The Super Mario Bros Movie 4K Blu-ray Review

The animated Super Mario Bros. Movie was a smash success in theatres earlier this year, but how does it fare at home and in 4K? Ben takes a look.

Producer / Publisher: Universal Sony Pictures
4 minutes & 13 seconds read time
TweakTown's Rating: 72%

The Bottom Line

The Super Mario Bros. Movie is a fun experience that lacks depth. Fans will enjoy if they can get past Chris Pratt's uninspiring voice work.


  • + Video Quality
  • + Audio Quality


  • - Bonus material

Should you buy it?

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Hitting home a few months on from its wildly successful theatrical release, the animated Super Mario Bros. Movie surpassed all expectations with a haul of over $1.3B - making it the highest-grossing film of the year, the second highest animated film of all time and the highest grossing non-Disney animated film of all time. Not bad for a film made for around $100m and considerably lower than a typical Disney or Pixar film.

In a year where multiple high-profile feature films have underperformed or outright bombed, including Dungeons & Dragons: Honor Among Thieves, Shazam! Fury of the Gods, Indiana Jones and the Dial of Destiny and Mission: Impossible - Dead Reckoning Part One, that's quite the testament to the ongoing cultural relevance of Nintendo's hero. While the film hits all the right notes and delivers an entertaining, fan-pleasing, and breezy adventure, it's just a shame that it lacked much ambition.

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While attending to a plumbing job, the plucky Brooklyn-based duo Mario (Chris Pratt) and Luigi (Charlie Day) discover a mysterious green pipe that transports them to two other-worldly worlds, with Mario off to the friendly Mushroom Kingdom ruled by Princess Peach (Anya Taylor-Joy), and Luigi to King Bowser's (Jack Black) sinister dark lands. But the timing couldn't have been worse when the plumbers (and some other familiar friends along the way) are quickly co-opted on a mission to prevent Bowser's takeover of Peach's Kingdom.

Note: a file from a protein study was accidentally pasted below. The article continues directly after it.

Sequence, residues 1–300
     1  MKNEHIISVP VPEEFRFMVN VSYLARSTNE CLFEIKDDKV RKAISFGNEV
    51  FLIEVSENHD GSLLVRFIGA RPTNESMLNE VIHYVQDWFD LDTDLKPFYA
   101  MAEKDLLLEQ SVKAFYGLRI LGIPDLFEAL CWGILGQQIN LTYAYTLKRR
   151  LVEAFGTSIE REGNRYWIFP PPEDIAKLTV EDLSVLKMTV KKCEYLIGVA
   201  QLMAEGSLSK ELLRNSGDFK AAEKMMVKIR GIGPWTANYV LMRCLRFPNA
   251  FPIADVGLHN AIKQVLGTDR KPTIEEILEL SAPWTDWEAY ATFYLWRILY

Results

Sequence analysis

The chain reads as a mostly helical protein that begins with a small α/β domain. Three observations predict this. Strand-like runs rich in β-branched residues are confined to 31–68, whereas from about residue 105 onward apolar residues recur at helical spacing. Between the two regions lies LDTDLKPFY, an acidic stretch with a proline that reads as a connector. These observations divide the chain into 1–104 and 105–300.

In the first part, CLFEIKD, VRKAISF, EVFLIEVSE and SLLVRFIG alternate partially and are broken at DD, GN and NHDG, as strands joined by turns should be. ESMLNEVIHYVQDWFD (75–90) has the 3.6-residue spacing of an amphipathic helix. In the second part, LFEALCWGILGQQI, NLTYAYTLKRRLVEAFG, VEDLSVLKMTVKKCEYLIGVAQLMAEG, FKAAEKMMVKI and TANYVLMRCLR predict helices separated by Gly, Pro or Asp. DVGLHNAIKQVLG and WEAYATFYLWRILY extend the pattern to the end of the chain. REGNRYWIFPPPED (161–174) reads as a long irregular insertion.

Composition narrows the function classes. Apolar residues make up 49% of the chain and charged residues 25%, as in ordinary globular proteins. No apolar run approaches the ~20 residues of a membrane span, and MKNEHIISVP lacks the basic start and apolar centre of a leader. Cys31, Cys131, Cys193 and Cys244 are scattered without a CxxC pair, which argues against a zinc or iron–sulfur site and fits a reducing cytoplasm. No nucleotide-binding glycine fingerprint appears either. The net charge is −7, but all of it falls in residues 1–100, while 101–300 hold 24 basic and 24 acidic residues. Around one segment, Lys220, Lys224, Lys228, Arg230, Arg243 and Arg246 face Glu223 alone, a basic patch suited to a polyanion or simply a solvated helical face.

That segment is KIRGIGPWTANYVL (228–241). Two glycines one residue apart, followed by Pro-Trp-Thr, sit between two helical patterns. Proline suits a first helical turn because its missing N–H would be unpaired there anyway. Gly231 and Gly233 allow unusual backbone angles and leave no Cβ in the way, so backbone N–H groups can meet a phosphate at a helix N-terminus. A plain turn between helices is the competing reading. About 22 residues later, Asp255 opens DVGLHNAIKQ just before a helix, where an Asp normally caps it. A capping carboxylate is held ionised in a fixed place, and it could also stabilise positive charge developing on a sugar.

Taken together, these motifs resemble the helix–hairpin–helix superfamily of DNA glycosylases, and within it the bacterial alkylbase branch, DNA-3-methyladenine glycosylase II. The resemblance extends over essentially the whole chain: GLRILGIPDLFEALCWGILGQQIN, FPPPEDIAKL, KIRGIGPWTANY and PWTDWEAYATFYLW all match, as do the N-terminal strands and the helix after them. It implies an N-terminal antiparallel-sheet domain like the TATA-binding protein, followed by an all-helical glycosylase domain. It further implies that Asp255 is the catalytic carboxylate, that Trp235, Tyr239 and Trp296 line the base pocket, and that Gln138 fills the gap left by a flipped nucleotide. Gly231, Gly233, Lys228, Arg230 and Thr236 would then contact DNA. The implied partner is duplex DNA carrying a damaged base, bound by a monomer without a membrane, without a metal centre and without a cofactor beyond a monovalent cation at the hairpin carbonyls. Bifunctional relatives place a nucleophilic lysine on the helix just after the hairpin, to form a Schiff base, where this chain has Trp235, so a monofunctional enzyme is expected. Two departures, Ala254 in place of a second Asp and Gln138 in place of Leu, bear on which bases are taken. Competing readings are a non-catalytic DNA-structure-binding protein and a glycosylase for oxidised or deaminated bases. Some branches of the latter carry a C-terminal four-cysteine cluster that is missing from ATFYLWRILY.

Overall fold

Now that the dust has settled on one of the more controversial elements of the production, the voice cast of Hollywood heavies such as Chris Pratt, Jack Black, and Seth Rogen, for the most part, they've been accepted in the respective roles (and in the case of Jack Black, rather well) and they've acknowledged the changes in some clever dialogue.

I can't say I love hearing Chris Pratt's voice coming out of Mario's mouth, but equally, Charles Martinet's faux-Italian accent wouldn't have worked for a 90-minute duration. Still, it's hard to imagine that the studios couldn't have settled on someone a little more appropriate. But the filmmakers definitely got the world-building right, even if it's just been lifted wholesale from the games.

Much like the warm, nostalgic familiarity of the video games critical to the ongoing success of the gaming series after all these years, it's entirely unsurprising that the video game adaptation would lean into the formula and build on the lore rather than rewrite it. Indeed, The Super Mario Bros. Movie unapologetically bends over backward to please fans, littering every frame with references to over 35 years of history and even a top of the hat to the early 1990s Saturday morning cartoon series.

Unlike the subversive 1993 live-action film, the 2023 film actively avoids stepping outside anything close to the bounds of expectation, delivering a kid and adult-friendly film that breezily entertains during its short runtime.

For a long-time fan like me, The Super Mario Bros. Movie ticks all the boxes and does everything it is meant to do. However, the product of this is a rather pedestrian film that offers few surprises, no real vision, and kind of just makes me want to play the games. Perhaps that was Nintendo's aim, after all.